The English heritage brand Kent & Curwen showed their Spring 2018 Collection during London Men’s Fashion Week. The brand is co-founded by the legendary football player and fashion icon David Beckham. This was the third collection for Kent & Curwen and all of the pieces are designed by the creative director Daniel Kearns.
The whole line is in the rugby and cricket spirit but also carries a very strong influence from England’s history. The idea mostly came from the difficult and transitional times that the country is going through at the moment.
“So much is happening in the world right now. I felt that we should be proud of where we come from. I wanted to reinforce that sense of history and heritage that we’ve had since 1926. The Union Jack, the English rose, the Three Lions… those things mean something to people,”- David said.
They wanted to bring back the importance of the word teamwork, considering that Beckham spent most of his life being in a team. To make the atmosphere more authentic the models walked on a gym’s floor and at the end of the show, they took a picture together like a real team.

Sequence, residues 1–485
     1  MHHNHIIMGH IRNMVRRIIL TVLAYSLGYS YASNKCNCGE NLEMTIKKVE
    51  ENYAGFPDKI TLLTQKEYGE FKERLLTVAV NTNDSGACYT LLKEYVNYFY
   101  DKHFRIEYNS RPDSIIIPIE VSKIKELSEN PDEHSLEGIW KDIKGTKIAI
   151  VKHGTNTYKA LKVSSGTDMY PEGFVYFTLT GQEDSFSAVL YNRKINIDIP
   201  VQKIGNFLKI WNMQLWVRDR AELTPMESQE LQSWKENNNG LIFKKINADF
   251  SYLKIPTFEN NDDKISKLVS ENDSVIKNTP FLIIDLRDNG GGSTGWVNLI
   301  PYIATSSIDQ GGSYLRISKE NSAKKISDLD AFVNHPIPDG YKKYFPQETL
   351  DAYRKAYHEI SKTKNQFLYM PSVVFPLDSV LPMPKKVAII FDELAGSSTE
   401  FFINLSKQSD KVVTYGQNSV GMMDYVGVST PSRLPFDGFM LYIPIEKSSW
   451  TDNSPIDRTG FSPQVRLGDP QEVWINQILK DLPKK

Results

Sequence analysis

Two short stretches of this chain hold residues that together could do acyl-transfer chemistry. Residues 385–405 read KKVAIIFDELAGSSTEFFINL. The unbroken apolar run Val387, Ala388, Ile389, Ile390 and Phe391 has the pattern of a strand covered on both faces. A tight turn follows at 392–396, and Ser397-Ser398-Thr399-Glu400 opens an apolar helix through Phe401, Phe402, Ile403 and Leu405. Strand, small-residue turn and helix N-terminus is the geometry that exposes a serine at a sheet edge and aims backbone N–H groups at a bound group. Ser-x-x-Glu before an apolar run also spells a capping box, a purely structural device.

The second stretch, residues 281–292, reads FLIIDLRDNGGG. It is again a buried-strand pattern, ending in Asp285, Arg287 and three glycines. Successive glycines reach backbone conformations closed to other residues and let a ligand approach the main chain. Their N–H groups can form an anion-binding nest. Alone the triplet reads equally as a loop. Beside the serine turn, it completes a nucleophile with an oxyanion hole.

“I looked at this picture of a rowing team, and that idea of a group of people coming together, uniting to try and achieve something felt very special. Every man has been in a team at some point in their lives, so it’s something that every guy can relate to.”-said Kearns pointing out to the politicians.
The designs are modern but with a strong vintage vibe. You can see a lot of loose silhouettes. The matching striped pants and blazers are the most eye-catching pieces in the collection. The striped rugby shirts colored in red, yellow, white and dark blue are also a part of the dynamic theme of the collection.
The long trench coats in beige, olive, and white represent the classier part of the collection, combined with pants, simple shirts and blazers underneath.
You can notice many patches with rough edges that look like they’ve been hand-sewn. The designers got the whole idea from the 1948 Olympic Games that are also known as the Austerity Games. In that time, right after the war, every athlete had to wear their own clothes and sew their own badges, so that everyone could know to which team they belonged to.
Photo Courtesy: Kent & Curwen